I started by adding room dividers, so that if someone looks into a window they can’t see the light coming through windows on other walls – a dead giveaway that a model is nothing more than an empty shell. Normally, I would simply install some baffles made of thin sheets of styrene – preferably the black stuff. But the instructions for this kit include a drawing of the floor plan of the prototype for this house, and I thought it would be fun to divide the interior into rooms:
I made no attempt to model a full, detailed interior: The goal was to allow the curious to see light through appropriate windows – for example, if one looks across the front bedroom one can see light from the window on the far side.
I started by cutting two floors from styrene, notched to fit around the interior wall braces. I glued the ground floor in place, then added interior walls following the diagram in the kit instructions. The ground floor includes an L-shaped living/dining room, a kitchen, and an L-shaped staircase. I cut two wall sections from styrene to form the interior walls for the kitchen and glued them in place.
Before continuing to the bedroom level, I realized I had to add curtains to the windows in the ground floor, so I did that. (More on the curtains in a moment.)
Next, I glued the upstairs floor in place on top of the kitchen walls. Then I divided the upstairs with more styrene walls, as shown in the above photo. I didn’t worry about making these walls exactly match the pitch of the end walls – in fact, they don’t even rise to the peak of the roof. This won’t be seen when the roof is in place. Instead, I cut them so they would not interfere with the roof and glued them in place.
The master bedroom runs across the front of the house. Behind that is a an L-shaped space representing the stairwell and hallway. A single bathroom is to the right, behind the master bedroom, while two smaller bedrooms share the back of the house.
With the walls in place upstairs, I added curtains to the bedroom windows.
For curtains, I went online and found some 1950s curtain patterns. I saved the images, imported them into a Microsoft Word document, and resized them so they were 1.25 inches tall – big enough to cover the windows. I duplicated the images so I’d have enough of each type of curtain to do each room, then printed out a sheet of curtains on a colour printer. Easy-peasy.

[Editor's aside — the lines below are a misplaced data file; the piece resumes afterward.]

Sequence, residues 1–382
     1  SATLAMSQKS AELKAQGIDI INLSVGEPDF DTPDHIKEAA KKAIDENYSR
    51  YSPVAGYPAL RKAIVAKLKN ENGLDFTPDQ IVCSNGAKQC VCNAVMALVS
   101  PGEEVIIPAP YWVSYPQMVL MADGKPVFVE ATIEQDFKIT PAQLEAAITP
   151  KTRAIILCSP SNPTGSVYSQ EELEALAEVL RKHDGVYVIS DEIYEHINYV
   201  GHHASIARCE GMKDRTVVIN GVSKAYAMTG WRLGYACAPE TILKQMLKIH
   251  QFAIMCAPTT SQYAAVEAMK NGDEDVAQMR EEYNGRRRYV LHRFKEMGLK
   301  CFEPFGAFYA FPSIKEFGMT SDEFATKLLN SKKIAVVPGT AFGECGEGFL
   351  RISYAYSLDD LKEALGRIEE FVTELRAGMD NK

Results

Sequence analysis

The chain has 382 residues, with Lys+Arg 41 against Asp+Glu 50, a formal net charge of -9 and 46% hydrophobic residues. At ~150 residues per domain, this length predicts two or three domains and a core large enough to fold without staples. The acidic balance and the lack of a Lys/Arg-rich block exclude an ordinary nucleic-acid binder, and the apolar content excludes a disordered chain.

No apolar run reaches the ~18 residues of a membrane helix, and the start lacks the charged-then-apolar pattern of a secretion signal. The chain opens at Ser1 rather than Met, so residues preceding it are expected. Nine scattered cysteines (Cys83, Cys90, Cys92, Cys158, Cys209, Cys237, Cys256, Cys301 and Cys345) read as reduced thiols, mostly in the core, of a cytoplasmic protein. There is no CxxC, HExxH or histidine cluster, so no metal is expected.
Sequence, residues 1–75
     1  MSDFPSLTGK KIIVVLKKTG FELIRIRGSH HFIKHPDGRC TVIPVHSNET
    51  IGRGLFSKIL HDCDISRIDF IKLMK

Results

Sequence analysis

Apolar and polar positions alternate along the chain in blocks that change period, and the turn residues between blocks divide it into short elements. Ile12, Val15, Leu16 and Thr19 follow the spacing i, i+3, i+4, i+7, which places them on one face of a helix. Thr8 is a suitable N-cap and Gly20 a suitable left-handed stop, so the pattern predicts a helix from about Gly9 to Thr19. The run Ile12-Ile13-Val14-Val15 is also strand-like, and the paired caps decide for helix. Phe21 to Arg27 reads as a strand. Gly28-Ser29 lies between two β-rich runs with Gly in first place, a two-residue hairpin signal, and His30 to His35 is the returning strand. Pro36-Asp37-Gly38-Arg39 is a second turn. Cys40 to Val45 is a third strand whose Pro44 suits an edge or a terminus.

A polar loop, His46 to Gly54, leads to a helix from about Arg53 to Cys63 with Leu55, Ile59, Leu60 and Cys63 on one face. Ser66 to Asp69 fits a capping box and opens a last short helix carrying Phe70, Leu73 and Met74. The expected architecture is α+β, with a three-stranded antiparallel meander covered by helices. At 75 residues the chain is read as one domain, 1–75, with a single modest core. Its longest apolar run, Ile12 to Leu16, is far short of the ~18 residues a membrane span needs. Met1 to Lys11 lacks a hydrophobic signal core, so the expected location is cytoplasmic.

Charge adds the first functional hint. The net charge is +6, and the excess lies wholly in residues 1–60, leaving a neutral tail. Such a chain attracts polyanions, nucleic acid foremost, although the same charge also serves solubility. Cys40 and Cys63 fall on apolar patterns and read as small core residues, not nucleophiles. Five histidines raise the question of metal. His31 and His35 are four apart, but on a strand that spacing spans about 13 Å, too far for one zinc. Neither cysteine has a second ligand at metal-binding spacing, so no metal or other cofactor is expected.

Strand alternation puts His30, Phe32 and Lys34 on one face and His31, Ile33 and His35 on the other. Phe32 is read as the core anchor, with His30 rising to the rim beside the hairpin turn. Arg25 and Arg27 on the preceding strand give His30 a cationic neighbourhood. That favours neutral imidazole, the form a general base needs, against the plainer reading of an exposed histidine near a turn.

I cut out each curtain, then folded it accordion-style, in very tight folds. I then smoothed out the top of each curtain, added a bit of CA, and glued the paper curtain in place behind the appropriate window opening. For some rooms, I used the printed material flat, to represent a roller blind.
While curtains and blinds might not be printed on the back side – the side facing the outside world – I think doing this on the model adds some nice colour and looks better than plain white paper. Others may prefer to simply cut material from printer paper and not bother with printing out appropriately scaled patterns.
With floors, interior walls, and curtains in place, I then turned my attention to the windows. The kit windows are built up from three layers of laser cut wood, complete with peel’n’stick backings. These are, the outside frame, a two-light interior frame that represents the upper (fixed) sash, and a single-light interior frame that represents the lower (movable) sash.
The instructions do not mention that the outer frames and two-light interior frames have a top and bottom – so I’ll mention it here. I goofed on a couple of windows before I realized this and hand to peel them apart to rebuild them. The outer frame should be positioned so that the wider piece is at the bottom. The two-light interior frame has one opening that’s larger than the other – this is the lower of the two lights.
The instructions would also have one start on the innermost frame and work one’s way out. This is backwards: It’s a whole lot easier to start with the outer frame and work in, especially if one is using real glass as I did.
Work on one window at a time, installing it as it’s finished. Cut both pieces of glass before assembling the window. (Here’s how I cut glass.)
Peel the backing away from the outer frame, and lay the two-light interior frame in place. Peel the backing away and add glass to the upper window. Then add the single-light interior frame – either fully closed or positioned partially- or fully-open. (I left a number of windows open, since I’m modelling August.) Then peel the backing off the lower sash and add the glass. Finally, position and press the completed window into place.
To model open windows, the lower sash will not have enough contact with the adhesive on the two-light frame. Secure the lower sash in place by holding it in the desired position and using a toothpick to add a line of Microscale’s Kristal Klear to each side of the sash. Do not use CA, which will fog the glass. This high-tack adhesive will not do that, but will hold the sash in place.
One last item – not done on the windows in the photos – is to add a piece of wood to the outer frame, below the lower light. (Here’s an example on a Tichy O scale window.) This trim detail is not included in the kit but I can whip up some out of strip wood and glue it in place with Kristal Klear. (I won’t use CA here, as it’s too close to the glass and could fog my glazing.)
As the photos show, I’ve also added the foundation and the porch – although I need to finish painting some edges. There’s more to do, including shingling the roof – but the house is very close to being finished. It’s going to look really nice across from the station in St. Williams!